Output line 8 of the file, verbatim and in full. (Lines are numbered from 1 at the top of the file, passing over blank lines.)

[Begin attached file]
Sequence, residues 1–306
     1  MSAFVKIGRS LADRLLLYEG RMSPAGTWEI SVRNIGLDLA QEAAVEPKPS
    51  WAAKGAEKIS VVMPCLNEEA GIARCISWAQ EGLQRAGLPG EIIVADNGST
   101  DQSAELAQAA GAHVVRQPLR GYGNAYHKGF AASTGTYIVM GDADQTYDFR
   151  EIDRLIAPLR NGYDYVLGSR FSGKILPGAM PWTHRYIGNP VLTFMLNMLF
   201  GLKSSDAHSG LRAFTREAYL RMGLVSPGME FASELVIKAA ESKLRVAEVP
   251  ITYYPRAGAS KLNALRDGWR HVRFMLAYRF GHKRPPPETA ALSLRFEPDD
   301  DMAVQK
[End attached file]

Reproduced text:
   301  DMAVQK